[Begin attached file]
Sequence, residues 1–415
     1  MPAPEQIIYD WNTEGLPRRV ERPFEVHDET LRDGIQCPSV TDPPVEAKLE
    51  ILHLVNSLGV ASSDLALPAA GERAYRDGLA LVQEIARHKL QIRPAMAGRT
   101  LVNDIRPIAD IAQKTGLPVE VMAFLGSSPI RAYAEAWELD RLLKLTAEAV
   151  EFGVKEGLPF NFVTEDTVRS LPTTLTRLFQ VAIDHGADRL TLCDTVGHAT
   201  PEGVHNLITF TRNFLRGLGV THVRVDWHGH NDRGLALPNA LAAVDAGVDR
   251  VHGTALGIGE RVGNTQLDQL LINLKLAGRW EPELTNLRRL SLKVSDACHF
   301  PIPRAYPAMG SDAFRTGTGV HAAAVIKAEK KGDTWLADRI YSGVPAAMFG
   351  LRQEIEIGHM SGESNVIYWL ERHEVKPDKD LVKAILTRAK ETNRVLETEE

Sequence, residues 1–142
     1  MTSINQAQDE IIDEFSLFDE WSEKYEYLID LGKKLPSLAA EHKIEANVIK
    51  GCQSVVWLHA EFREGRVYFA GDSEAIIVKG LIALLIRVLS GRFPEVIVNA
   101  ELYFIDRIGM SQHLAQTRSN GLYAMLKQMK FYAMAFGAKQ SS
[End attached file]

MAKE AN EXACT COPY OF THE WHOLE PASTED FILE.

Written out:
Sequence, residues 1–415
     1  MPAPEQIIYD WNTEGLPRRV ERPFEVHDET LRDGIQCPSV TDPPVEAKLE
    51  ILHLVNSLGV ASSDLALPAA GERAYRDGLA LVQEIARHKL QIRPAMAGRT
   101  LVNDIRPIAD IAQKTGLPVE VMAFLGSSPI RAYAEAWELD RLLKLTAEAV
   151  EFGVKEGLPF NFVTEDTVRS LPTTLTRLFQ VAIDHGADRL TLCDTVGHAT
   201  PEGVHNLITF TRNFLRGLGV THVRVDWHGH NDRGLALPNA LAAVDAGVDR
   251  VHGTALGIGE RVGNTQLDQL LINLKLAGRW EPELTNLRRL SLKVSDACHF
   301  PIPRAYPAMG SDAFRTGTGV HAAAVIKAEK KGDTWLADRI YSGVPAAMFG
   351  LRQEIEIGHM SGESNVIYWL ERHEVKPDKD LVKAILTRAK ETNRVLETEE

Sequence, residues 1–142
     1  MTSINQAQDE IIDEFSLFDE WSEKYEYLID LGKKLPSLAA EHKIEANVIK
    51  GCQSVVWLHA EFREGRVYFA GDSEAIIVKG LIALLIRVLS GRFPEVIVNA
   101  ELYFIDRIGM SQHLAQTRSN GLYAMLKQMK FYAMAFGAKQ SS